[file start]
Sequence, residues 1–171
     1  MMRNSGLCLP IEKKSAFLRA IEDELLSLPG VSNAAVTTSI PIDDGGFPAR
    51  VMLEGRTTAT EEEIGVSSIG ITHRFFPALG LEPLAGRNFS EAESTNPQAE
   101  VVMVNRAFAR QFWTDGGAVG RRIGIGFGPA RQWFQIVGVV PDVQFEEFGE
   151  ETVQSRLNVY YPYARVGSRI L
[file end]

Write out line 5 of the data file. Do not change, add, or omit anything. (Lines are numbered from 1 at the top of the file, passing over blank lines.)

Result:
   151  ETVQSRLNVY YPYARVGSRI L